The National Basketball Association (NBA) and GE Healthcare, as part of its Sports Medicine and Orthopedics Collaboration, have announced the winners of the first round of research proposals looking into musculoskeletal injuries affecting NBA players and athletes.
A Strategic Advisory Board led by Dr John DiFiori, the NBA’s director of sports medicine, and an NBA/GE Healthcare steering committee is directing the collaboration, according to a media release.
The first round of proposals focused on the natural history, diagnosis, treatment, and prevention of tendinopathy.
“Tendinopathy – and specifically that involving the patellar tendon – is a common issue among basketball players at all levels,” states DiFiori, who also served as co-chair for this call for proposals, in the release.
In this round, six proposals were selected from a pool of nearly 70 entries.
They include: “Patellar Tendon Pathology, Its Development and Relationship with Pain in Elite Athletes,” submitted by Dr Jill Cook from La Trobe University; “Towards the Real-Time Monitoring of Tendon Strain and Cumulative Damage to Minimize the Risk of Patellar Tendinopathy,” submitted by Dr W. Brent Edwards from University of Calgary; and “Prevention of Patellar and Achilles Tendinopathies in Youth Basketball,” submitted by Dr Carolyn Emery from University of Calgary.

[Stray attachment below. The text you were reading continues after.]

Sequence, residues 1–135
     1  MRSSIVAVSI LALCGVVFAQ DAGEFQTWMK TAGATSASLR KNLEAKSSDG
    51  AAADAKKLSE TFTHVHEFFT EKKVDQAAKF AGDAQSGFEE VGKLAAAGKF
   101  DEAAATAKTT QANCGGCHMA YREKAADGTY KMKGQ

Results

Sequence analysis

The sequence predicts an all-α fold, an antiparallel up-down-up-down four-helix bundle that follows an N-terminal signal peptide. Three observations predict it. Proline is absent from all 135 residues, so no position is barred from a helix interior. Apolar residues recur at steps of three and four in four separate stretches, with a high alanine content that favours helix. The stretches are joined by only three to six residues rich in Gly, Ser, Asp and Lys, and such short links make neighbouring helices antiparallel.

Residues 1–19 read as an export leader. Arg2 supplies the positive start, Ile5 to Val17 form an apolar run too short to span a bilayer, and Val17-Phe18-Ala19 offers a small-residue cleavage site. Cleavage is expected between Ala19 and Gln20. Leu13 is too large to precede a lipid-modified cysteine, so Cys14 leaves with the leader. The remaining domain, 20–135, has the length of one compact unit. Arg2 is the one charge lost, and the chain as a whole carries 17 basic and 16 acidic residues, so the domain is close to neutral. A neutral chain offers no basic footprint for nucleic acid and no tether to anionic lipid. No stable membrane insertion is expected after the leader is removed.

Additional winning proposals include: “Platelet-Rich Plasma Therapy for Patellar Tendinopathy: A Randomized Controlled Trial Correlating Clinical, Biomechanical and Novel Imaging Biomarkers,” submitted by Dr Kenneth Lee from University of Wisconsin-Madison; “Prospective Longitudinal Assessment of Patellar Tendinopathy in Elite Basketball Players Using Quantitative Imaging with Correlation to Symptoms and Functional Analysis,” submitted by Dr O. Kenichi Nwawka from Hospital for Special Surgery; and “Progressive Tendon-loading Exercise Therapy for Patellar Tendinopathy in Jumping Athletes: A Randomized Controlled Clinical Trial Evaluated with Advanced 3D Ultrashort Echo Time MRI,” submitted by Dr Edwin H.G. Oei from Erasmus University Medical Center, Rotterdam.
“NBA players are among the best in the world, and the NBA is committed to their health and well-being, which is why we’re excited to team up with GE Healthcare and leading researchers for the benefit of the players and our game,” says David Weiss, NBA vice president and assistant general counsel, in the release.
“The projects we’re announcing today include important areas of focus for the NBA including injury prevention and youth health, as well as advanced technologies and methods such as new approaches to imaging, wearable technology and biomechanics,” he adds.
The next call for proposals will focus on acute myotendinous injuries.
Future calls for proposals may include bone stress injuries, articular cartilage injury, and other important musculoskeletal issues involving NBA players, per the release.
[Source(s): National Basketball Association, GE Healthcare, Business Wire]